JOHN SELL COTMAN, the son of a linen-draper at Norwich, where he was born on June 11th, 1782, is generally reckoned as a member of the famous “Norwich School.” But the chief characteristics of his art are not those which distinguish the work of that group of admirable artists who made this town their headquarters. He was attached to the school rather by the accident of birth than by his adoption of the principles which guided his fellow-townsmen in their practice. The direction in which his artistic inclinations tended was really settled during the six years, 1800 to 1806, which he spent in London.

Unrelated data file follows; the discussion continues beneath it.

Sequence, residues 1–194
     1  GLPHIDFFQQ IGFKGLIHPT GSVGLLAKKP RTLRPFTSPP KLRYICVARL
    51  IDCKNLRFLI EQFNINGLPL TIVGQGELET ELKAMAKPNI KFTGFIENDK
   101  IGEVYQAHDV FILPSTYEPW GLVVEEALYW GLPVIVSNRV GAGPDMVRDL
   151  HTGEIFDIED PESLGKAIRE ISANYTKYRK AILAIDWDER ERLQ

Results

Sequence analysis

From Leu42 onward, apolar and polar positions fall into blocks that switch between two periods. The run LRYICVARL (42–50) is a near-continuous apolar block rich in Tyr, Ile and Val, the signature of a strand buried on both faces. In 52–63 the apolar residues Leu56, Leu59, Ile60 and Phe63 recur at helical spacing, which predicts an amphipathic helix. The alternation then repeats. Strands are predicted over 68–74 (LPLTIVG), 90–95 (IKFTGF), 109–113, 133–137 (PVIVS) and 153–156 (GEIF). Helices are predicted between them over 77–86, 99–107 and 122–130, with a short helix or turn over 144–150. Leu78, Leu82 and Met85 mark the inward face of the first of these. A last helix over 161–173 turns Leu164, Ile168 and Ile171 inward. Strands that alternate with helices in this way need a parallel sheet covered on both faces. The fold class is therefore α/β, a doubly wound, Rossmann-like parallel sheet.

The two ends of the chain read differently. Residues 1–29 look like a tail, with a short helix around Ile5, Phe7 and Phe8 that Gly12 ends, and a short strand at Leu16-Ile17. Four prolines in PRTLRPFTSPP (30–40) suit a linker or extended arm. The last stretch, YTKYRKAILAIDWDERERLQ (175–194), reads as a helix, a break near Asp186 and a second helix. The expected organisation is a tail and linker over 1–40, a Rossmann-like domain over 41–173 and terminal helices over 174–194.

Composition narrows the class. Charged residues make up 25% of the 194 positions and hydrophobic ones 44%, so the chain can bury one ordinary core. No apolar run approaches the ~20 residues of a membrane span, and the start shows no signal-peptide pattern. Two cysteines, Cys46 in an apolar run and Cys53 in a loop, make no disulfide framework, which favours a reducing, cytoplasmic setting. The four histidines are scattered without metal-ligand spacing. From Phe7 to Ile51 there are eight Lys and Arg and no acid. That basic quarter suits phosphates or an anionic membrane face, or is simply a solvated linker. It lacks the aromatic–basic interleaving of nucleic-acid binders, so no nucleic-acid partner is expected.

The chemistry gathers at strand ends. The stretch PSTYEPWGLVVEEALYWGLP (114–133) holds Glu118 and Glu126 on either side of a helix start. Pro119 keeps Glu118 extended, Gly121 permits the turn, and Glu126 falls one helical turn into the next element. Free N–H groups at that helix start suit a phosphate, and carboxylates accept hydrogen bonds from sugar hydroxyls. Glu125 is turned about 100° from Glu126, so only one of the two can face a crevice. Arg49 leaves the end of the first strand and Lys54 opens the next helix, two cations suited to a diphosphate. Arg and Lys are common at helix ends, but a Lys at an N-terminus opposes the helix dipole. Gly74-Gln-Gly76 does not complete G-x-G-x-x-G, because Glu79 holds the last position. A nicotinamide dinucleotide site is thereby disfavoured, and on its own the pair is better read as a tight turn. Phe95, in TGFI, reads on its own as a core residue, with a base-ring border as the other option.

He was at this time thrown into contact with Turner, Girtin, Varley, De Wint, and the other young painters who met periodically at the house of Dr Monro, and his development was shaped by the influences which then making themselves felt in London art circles. He learned much from Girtin, even more, perhaps, from Turner, and when , in 1807, he returned to Norwich to live, he took back with him a store of sound impressions which only need to be properly assorted by the aid of his own strong individuality.